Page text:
Monday, January 28, 2019

Smile, It’s Monday: Your Weekly Wake-up Call to Live the Life You Have Imagined

Experience is a comb which a man 
gets when he becomes bald. 
---  Emerson

Life is an intriguing paradox: you are the spectator during the most fragile, vulnerable periods of your life, and the player when you are the most able.

As an infant and small child, you are the spectator. You connect with everything around you and observe it all with wondrous curiosity.

Then you become the player for decades. You spin through life and act the days away.

Over time, as you become older and (physically) weaker, the spectator takes over again, looks back on your life, and considers the player’s moves.

Many people ignore the spectator’s values and allow the player to do whatever she or he feels like in the moment.

There’s tremendous irony in the human tendency to wait until the game is almost over to become the spectator and understand the player’s motivations.

You can short-circuit this natural human inclination: If you want to live a happy, successful, and meaningful life, you can make the decision to get off the field and talk to the spectator now, not after it’s too late to do anything about what she or he has to tell you.

This week, come up with a novel way to connect with the spectator. Design a unique strategy that will enable you to integrate some time alone into your busy schedule so you can renew this connection.

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Anthony Silard is the president of The Center for Social Leadership, a 501(c)(3) nonprofit organization based in Washington, DC and the author of the Simon & Schuster book The Connection: Link Your Passion, Purpose, and Actions to Make a Difference in the World. To receive Smile, It's Monday every other week, enter your email here (1-step only). To support The Center for Social Leadership's Young Leaders Program for disadvantaged youth either directly or through Amazon.com purchases, click here.

Monday, January 14, 2019

Smile, It’s Monday: Your Weekly Wake-up Call to Build Meaningful Relationships

We live in a society bloated with data yet starved for wisdom. 
We’re connected 24/7, yet anxiety, fear, depression and loneliness are at an all-time high. We must course-correct. 
---  Elizabeth Kapu'uwailani Lindsey

Do you remember the expression, “Hang up and drive.” Here’s another that’s more appropriate for the digital era we live in, when very few people make phone calls anymore: “Stop texting and call.”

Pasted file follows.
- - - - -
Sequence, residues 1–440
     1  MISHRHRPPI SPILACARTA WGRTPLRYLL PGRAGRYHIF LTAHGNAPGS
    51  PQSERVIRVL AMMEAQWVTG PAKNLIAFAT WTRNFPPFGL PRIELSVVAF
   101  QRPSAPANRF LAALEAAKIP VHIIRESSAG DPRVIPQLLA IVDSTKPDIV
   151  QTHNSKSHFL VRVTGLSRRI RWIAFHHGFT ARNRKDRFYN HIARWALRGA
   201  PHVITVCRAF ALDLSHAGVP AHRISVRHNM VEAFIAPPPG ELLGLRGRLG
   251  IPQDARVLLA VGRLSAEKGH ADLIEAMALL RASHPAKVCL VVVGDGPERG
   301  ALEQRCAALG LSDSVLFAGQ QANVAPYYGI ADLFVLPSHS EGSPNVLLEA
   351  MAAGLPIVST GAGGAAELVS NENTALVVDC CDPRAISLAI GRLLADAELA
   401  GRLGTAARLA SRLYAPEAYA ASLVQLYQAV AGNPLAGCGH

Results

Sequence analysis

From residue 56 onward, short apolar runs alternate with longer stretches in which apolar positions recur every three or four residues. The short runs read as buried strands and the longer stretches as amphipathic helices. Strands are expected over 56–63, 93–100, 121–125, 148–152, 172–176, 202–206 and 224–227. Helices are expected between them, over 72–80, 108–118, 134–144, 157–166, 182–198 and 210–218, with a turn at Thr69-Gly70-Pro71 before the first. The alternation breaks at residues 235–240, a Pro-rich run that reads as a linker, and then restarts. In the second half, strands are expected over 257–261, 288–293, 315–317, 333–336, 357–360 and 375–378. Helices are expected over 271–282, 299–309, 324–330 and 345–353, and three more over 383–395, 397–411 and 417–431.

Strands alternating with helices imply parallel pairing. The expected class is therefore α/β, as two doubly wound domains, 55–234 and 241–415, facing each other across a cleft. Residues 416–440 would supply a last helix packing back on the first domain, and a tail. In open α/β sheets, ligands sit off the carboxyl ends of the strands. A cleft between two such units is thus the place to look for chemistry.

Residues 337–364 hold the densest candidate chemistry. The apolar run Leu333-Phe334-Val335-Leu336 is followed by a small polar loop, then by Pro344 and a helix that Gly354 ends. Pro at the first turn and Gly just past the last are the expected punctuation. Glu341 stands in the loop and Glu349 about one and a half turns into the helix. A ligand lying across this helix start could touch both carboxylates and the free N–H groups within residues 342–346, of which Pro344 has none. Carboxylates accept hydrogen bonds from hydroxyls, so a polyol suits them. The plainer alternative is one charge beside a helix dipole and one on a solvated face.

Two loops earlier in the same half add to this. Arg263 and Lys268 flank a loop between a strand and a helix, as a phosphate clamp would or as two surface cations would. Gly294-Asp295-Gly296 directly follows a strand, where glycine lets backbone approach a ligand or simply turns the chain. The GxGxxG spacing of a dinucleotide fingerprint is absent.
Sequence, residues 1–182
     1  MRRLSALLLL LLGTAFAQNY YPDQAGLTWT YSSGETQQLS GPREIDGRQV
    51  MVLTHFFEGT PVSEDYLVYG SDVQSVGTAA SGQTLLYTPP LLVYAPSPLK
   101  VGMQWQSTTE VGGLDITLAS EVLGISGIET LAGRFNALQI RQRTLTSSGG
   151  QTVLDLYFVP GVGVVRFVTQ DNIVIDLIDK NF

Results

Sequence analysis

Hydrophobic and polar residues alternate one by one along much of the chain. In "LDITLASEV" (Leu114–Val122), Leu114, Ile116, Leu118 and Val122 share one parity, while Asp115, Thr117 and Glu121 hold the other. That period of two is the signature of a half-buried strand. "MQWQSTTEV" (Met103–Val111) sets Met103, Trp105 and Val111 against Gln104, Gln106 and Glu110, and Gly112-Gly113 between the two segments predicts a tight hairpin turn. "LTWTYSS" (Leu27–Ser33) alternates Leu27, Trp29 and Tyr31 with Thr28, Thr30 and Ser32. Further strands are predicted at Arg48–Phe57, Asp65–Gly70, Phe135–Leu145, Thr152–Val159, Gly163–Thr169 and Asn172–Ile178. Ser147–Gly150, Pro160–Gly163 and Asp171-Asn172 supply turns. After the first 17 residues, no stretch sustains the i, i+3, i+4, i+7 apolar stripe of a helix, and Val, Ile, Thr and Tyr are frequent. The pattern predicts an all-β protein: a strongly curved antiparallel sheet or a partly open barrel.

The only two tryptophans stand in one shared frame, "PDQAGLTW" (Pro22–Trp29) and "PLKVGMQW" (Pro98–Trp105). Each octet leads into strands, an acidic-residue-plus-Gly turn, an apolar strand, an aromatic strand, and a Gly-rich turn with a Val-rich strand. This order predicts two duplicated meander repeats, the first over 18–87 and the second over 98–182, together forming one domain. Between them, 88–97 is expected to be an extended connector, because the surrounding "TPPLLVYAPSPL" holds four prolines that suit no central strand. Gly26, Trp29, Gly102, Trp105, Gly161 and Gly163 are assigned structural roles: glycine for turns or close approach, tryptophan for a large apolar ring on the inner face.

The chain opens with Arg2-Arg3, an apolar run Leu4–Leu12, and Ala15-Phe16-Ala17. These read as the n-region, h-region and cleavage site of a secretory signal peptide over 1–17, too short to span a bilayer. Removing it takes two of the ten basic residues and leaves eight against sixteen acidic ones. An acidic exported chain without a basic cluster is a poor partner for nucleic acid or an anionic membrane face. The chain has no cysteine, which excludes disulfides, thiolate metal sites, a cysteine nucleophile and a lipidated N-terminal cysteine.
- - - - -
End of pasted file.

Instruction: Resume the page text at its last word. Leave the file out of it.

Make the decision to pick up the phone instead of engaging yet again in a textual exchange that does not make you feel very connected with the other person.

Why? Because 93 percent of communication has nothing to do with the words you write and send to someone, and everything to do with your and the other person’s nonverbal cues—smiling (or not), posture, gestures, tone of voice, and so on.

Without the social cue of our body language to either back up or contradict the words we share, you and the other person are biologically wired to distrust what is said.

Loneliness has a motivating aspect in that most people become more attentive to social opportunities in order to avoid it, a phenomenon called the “reaffiliation motive.”

In other words, we need people. Developing meaningful relationships is not “nice to do,” but “need to do.”

This week, pick up the phone and call someone who has that increasingly rare quality of being willing to answer or return your call promptly. Give them the social importance they merit in our increasingly disconnected society.

Let your phone call be but one step toward the renewal of your connections with others.

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Anthony Silard is the president of The Center for Social Leadership, a 501(c)(3) nonprofit organization based in Washington, DC and the author of the Simon & Schuster book The Connection: Link Your Passion, Purpose, and Actions to Make a Difference in the World. To receive Smile, It's Monday every other week, enter your email here (1-step only). To support The Center for Social Leadership's Young Leaders Program for disadvantaged youth either directly or through Amazon.com purchases, click here.